I could see that argument for having /tmp on it's own.

Lastly if you like playing with file system types - e.g. you use ext3
for / and xfs for /tmp because you know you do transcoding projects in
/tmp all the time and muck with big files.

I suppose the note I should add to my original +1 comment is use LVM
and then it's easy to change later.

Brian

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Old 08-14-2008, 03:04 PM
Rashkae
 
Default how big does /tmp need to be?

Brian McKee wrote:

> People create partitions for other reasons too.
>
> One is some kind of performance/disk size issues - e.g. /tmp is on a
> separate faster drive, or it's local when all your other partitions
> are NFS mounted.
>
> Another reason I can think of is keeping the system up when you run
> out of space.
> For instance, if you have /var/log on a separate partition, and
> something runs wild with logging filling that partition, the system
> stays up and running. If it's all in one partition then you're hosed.
> I could see that argument for having /tmp on it's own.
>
> Lastly if you like playing with file system types - e.g. you use ext3
> for / and xfs for /tmp because you know you do transcoding projects in
> /tmp all the time and muck with big files.
>
> I suppose the note I should add to my original +1 comment is use LVM
> and then it's easy to change later.
>
> Brian
>

Note self, think 5 minutes before posting.. Thanks

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Old 08-14-2008, 04:35 PM
Derek Broughton
 
Default how big does /tmp need to be?

Rashkae wrote:

> Brian McKee wrote:
>
>> People create partitions for other reasons too.
>>
>> One is some kind of performance/disk size issues - e.g. /tmp is on a
>> separate faster drive, or it's local when all your other partitions
>> are NFS mounted.
>>
>> Another reason I can think of is keeping the system up when you run
>> out of space.
>> For instance, if you have /var/log on a separate partition, and
>> something runs wild with logging filling that partition, the system
>> stays up and running. If it's all in one partition then you're hosed.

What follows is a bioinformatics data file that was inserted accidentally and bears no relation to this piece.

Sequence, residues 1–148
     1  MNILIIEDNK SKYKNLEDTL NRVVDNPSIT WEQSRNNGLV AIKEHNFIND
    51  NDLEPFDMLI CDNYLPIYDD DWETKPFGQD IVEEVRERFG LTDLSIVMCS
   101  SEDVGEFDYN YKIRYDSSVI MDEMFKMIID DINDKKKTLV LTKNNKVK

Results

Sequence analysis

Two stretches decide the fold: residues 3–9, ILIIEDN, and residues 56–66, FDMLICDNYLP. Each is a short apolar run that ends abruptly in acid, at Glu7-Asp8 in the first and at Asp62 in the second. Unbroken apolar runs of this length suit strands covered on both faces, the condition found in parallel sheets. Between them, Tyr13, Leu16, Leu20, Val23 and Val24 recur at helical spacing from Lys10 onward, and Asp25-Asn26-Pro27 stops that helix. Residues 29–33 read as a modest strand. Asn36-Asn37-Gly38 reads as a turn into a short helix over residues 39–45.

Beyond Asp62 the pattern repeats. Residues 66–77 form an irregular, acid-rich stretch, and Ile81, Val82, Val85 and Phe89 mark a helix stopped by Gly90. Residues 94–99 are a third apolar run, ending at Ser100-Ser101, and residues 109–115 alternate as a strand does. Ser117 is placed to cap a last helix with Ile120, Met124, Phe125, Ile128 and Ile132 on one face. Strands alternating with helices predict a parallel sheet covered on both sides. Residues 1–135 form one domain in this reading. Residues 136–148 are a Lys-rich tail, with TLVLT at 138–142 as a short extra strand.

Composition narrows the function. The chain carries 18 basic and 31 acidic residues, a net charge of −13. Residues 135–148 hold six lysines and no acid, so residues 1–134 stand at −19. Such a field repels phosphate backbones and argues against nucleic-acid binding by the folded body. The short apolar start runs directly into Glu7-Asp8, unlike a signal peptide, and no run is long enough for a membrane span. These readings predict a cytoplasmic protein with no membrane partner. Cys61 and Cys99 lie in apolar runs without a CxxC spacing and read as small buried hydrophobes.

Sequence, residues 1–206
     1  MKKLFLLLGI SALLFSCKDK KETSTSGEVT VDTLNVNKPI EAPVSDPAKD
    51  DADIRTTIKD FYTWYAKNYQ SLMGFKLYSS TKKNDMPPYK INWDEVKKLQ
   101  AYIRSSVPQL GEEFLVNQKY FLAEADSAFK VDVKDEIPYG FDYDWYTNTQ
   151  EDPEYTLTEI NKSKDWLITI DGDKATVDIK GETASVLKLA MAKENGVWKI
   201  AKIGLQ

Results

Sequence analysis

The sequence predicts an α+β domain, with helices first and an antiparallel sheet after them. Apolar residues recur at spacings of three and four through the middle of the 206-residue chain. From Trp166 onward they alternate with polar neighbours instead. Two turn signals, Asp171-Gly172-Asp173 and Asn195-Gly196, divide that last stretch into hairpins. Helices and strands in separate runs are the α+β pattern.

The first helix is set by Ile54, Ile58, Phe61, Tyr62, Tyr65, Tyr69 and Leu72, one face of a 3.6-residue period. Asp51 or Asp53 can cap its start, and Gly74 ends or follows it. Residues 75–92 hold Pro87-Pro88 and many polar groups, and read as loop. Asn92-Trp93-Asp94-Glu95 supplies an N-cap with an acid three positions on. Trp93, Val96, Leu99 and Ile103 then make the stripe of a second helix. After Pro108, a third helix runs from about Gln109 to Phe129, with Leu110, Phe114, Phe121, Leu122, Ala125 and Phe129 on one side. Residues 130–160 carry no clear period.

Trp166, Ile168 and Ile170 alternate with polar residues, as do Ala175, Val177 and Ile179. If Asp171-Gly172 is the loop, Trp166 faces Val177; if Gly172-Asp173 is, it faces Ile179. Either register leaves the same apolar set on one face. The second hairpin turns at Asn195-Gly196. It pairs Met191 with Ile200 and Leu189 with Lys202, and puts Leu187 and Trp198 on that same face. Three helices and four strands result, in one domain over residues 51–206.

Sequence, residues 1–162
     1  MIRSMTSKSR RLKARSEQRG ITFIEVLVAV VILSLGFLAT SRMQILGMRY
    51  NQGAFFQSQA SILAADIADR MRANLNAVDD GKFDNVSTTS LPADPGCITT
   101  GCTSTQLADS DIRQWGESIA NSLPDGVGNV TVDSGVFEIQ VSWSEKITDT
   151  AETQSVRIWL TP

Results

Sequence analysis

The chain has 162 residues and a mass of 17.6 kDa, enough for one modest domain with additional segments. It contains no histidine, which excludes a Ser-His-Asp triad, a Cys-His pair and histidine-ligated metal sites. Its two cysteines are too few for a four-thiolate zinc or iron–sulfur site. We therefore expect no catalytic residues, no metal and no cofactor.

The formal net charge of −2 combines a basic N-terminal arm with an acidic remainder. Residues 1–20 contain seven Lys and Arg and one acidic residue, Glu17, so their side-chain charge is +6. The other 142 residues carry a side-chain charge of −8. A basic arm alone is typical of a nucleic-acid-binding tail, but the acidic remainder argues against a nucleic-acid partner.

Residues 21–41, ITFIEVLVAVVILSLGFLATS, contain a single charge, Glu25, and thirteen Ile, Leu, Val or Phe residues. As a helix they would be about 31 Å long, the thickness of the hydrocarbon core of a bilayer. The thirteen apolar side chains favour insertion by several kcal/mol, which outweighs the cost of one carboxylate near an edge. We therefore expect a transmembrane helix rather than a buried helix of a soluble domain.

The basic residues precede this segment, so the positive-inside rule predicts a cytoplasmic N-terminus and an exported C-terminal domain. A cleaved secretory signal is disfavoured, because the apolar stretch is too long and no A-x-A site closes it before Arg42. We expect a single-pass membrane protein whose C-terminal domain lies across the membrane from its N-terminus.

>> I could see that argument for having /tmp on it's own.
>>
>> Lastly if you like playing with file system types - e.g. you use ext3
>> for / and xfs for /tmp because you know you do transcoding projects in
>> /tmp all the time and muck with big files.
>>
>> I suppose the note I should add to my original +1 comment is use LVM
>> and then it's easy to change later.
>
> Note self, think 5 minutes before posting.. Thanks

LOL. I have to admit, I didn't think about things like video. _video_ never
goes to /tmp on my system. Specifically because it always wants to use a
lot more space than I have in /tmp.

I used to make a really, really, big swap partition, and put /tmp in tmpfs
(ie, it uses part of the swap). Then I figured I wasn't really wasting
space. But Ubuntu bollixed that and I never got around to fixing it.
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Old 08-14-2008, 05:52 PM
Bob Smith
 
Default how big does /tmp need to be?

> > The only reason I can think of to use a separate partition for anything,
> > be it /var or /home, is to preserve that data when something else is
> > being destroyed/overwritten.

Or to make sure it does get destroyed/overwritten, see below.

> People create partitions for other reasons too.
>
> One is some kind of performance/disk size issues - e.g. /tmp is on a
> separate faster drive, or it's local when all your other partitions
> are NFS mounted.

Well, I want /tmp to be on an encrypted filesystem using the
crypttab "tmp" option. I think this means the partition will be
reinitialized at boot-up with a random key and an ext2 will be
created from scratch on it. (I have a spare 10GB partition I can
use for this.)

There's nothing in /tmp that needs to persist between boots, is
there?